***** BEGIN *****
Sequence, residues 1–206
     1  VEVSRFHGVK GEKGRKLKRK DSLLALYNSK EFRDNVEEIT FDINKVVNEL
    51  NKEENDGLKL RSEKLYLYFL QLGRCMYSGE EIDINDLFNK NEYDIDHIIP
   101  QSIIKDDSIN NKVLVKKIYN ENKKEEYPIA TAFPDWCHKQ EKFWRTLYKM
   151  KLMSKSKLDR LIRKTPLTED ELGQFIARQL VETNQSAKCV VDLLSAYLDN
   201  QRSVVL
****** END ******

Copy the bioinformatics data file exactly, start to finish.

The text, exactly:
Sequence, residues 1–206
     1  VEVSRFHGVK GEKGRKLKRK DSLLALYNSK EFRDNVEEIT FDINKVVNEL
    51  NKEENDGLKL RSEKLYLYFL QLGRCMYSGE EIDINDLFNK NEYDIDHIIP
   101  QSIIKDDSIN NKVLVKKIYN ENKKEEYPIA TAFPDWCHKQ EKFWRTLYKM
   151  KLMSKSKLDR LIRKTPLTED ELGQFIARQL VETNQSAKCV VDLLSAYLDN
   201  QRSVVL